News Release

'Job readiness' more important to UK employers than academic credentials

Peer-Reviewed Publication

Taylor & Francis Group

Formal academic credentials play a relatively minor role in the UK labour market, with the majority of employers placing greater emphasis on 'job readiness', according to a new study published in the Journal of Education Policy that analysed more than 21 million UK job adverts, based on labour market analytics powered by Burning Glass Technologies.

The research, by Professor Phillip Brown and Professor Manuel Souto-Otero of Cardiff University, challenges existing theories that higher levels of formal education determine the result of the competition for jobs in the UK labour market.

Rather, the researchers found that only 18 per cent of job adverts specified a qualification requirement. Employers were more likely to highlight social qualifications, specific skills and cognitive abilities such as organisational skills or time management - aspects that signal 'job readiness' - in their recruitment ads.

For most occupational groups, employers looked for a wide range of technical and social skills, with an emphasis on performance within short time horizons, rather than assuming that qualifications already equalled the skills they needed or indicated that candidates would be easier to train.

The focus on job readiness rather than 'trainability' suggests employers are looking for ways to reduce training costs and shorten the time it takes for newly hired employees to make a productive contribution. It also underlines the need for job candidates to develop marketable skills of immediate value to employers, and helps to explain the increasing popularity and importance of high quality internships in the UK.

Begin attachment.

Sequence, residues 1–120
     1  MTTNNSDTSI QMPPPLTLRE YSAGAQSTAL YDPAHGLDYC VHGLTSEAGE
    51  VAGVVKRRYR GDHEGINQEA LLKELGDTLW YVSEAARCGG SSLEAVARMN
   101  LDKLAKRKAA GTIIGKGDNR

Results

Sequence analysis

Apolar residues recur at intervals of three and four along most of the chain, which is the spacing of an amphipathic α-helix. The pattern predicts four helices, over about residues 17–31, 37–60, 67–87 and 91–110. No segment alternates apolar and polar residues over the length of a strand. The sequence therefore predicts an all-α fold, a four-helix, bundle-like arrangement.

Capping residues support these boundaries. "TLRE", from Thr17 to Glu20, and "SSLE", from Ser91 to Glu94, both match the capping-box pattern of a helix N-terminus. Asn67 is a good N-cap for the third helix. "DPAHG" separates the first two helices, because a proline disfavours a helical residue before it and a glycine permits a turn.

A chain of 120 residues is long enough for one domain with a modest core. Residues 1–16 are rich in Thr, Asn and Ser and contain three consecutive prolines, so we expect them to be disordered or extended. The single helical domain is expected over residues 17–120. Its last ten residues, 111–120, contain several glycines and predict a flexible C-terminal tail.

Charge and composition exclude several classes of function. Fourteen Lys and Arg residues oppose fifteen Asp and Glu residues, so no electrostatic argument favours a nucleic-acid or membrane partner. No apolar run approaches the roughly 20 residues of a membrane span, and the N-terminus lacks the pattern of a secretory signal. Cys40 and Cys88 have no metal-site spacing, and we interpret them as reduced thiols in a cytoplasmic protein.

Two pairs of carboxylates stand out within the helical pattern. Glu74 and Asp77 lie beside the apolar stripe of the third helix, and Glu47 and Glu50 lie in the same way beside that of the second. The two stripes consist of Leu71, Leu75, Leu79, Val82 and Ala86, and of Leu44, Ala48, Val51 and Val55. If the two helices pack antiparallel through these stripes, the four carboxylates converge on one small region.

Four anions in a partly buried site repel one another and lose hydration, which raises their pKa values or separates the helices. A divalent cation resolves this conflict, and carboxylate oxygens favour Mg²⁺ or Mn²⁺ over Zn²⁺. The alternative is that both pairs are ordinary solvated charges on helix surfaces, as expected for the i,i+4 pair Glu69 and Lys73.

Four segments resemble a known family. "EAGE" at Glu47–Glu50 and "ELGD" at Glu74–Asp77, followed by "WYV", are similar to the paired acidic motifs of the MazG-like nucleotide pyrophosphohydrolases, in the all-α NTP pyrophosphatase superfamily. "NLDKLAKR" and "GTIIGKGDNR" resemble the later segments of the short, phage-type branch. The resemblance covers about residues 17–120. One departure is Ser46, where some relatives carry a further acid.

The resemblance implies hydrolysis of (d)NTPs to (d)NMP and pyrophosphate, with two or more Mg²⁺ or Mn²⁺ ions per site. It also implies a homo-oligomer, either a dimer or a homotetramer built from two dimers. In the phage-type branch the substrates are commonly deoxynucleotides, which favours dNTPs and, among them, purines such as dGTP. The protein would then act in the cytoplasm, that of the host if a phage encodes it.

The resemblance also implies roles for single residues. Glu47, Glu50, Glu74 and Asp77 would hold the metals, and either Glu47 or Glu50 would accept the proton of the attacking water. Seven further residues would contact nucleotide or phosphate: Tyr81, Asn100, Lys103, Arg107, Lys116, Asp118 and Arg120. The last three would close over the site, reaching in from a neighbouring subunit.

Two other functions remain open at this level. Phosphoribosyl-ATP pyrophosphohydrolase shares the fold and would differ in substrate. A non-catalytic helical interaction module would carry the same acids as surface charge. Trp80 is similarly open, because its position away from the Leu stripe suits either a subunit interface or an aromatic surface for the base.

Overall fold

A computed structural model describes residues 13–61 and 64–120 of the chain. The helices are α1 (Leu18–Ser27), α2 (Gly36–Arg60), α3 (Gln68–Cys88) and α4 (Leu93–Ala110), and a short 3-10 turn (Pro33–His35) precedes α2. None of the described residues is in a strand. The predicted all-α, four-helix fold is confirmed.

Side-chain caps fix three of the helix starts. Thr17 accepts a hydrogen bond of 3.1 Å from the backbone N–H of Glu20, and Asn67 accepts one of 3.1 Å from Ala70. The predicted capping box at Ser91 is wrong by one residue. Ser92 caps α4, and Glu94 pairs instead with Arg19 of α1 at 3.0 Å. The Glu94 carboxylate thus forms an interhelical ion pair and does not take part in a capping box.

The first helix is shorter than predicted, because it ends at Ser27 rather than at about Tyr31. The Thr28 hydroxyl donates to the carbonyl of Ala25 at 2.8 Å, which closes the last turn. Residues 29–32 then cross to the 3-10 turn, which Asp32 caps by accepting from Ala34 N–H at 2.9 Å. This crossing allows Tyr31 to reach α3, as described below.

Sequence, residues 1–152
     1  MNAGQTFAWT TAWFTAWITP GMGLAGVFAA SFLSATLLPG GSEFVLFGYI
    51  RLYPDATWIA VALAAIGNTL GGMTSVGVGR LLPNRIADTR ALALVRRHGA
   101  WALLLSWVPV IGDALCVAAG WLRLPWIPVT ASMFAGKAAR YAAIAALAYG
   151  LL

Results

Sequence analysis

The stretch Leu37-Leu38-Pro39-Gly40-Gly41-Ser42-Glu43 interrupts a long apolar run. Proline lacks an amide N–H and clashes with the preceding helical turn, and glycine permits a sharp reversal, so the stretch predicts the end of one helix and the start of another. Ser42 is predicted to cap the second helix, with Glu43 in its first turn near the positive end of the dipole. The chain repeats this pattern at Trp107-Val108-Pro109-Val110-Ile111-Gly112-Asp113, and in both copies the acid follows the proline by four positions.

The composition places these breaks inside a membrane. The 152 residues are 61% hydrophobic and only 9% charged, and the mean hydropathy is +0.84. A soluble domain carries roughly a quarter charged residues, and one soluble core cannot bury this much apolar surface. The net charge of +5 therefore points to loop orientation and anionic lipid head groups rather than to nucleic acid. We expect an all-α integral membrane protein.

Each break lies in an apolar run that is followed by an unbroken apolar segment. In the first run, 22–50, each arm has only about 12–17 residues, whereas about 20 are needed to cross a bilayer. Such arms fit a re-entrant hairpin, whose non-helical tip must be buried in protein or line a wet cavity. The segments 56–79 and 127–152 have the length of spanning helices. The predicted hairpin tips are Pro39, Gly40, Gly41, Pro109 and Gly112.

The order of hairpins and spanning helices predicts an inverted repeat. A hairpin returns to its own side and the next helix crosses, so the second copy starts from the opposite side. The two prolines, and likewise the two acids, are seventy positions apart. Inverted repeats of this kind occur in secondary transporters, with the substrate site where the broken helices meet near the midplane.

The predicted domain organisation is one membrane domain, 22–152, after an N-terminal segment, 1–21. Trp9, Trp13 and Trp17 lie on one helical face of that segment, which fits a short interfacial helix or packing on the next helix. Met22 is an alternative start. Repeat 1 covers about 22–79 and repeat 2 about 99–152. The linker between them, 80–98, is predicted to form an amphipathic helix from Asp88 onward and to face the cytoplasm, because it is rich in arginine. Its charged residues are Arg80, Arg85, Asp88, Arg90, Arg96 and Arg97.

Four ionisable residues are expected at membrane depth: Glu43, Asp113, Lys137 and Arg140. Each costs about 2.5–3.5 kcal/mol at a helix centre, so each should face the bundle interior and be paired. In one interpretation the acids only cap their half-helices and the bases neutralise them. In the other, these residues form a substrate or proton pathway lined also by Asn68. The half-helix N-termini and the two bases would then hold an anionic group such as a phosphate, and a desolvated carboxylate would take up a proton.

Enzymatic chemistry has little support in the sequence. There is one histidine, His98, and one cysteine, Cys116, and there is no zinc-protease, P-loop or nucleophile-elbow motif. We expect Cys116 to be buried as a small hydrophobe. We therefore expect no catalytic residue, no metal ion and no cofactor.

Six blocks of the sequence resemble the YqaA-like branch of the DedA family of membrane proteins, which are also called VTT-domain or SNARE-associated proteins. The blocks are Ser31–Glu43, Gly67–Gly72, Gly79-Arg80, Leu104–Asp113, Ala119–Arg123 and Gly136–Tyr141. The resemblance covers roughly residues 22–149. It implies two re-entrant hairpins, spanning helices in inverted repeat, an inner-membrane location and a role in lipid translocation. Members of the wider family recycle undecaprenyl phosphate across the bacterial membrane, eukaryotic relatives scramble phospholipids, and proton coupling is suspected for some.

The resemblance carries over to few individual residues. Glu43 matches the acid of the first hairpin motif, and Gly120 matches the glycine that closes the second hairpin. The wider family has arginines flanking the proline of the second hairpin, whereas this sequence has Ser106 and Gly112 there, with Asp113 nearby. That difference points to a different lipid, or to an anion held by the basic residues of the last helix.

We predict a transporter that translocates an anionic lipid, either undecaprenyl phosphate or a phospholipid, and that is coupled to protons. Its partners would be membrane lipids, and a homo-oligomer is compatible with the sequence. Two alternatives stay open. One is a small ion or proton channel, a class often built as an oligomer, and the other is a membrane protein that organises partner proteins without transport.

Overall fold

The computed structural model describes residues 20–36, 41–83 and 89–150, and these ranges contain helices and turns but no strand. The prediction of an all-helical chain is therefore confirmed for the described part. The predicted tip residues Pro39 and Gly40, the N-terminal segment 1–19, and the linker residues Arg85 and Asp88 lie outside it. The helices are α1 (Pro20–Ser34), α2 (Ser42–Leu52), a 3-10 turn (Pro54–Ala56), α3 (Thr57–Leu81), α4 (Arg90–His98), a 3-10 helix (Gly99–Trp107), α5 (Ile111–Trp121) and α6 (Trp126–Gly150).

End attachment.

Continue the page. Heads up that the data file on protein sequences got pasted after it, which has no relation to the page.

But there is little to suggest that a reduced emphasis on academic credentials will lead to a reduction in class-based inequalities in the competition for jobs, the authors warn. Candidates with greater financial, cultural and social resources will likely maintain a major positional advantage when specific skills and personal traits that are not a central part of formal education are deemed an important part of what it means to be 'job ready'.

"Our findings call for a fresh discussion on the meaning of 'merit' and 'fairness' in the relationship between education and the labour market, especially at a time when government reforms in the UK are premised on the assumption that increasing intergenerational social mobility can be achieved by widening access to higher education," the authors said.

"If the exchange value of credentials in the labour market is more limited than assumed, the idea of a level playing field will need to be cast far beyond the school gates or university lecture theatre. The failure to consider the importance of other skills, competences and experiences beyond formal qualifications in recruitment processes is destined to disappoint in efforts to reduce educational, labour market and wage inequalities."


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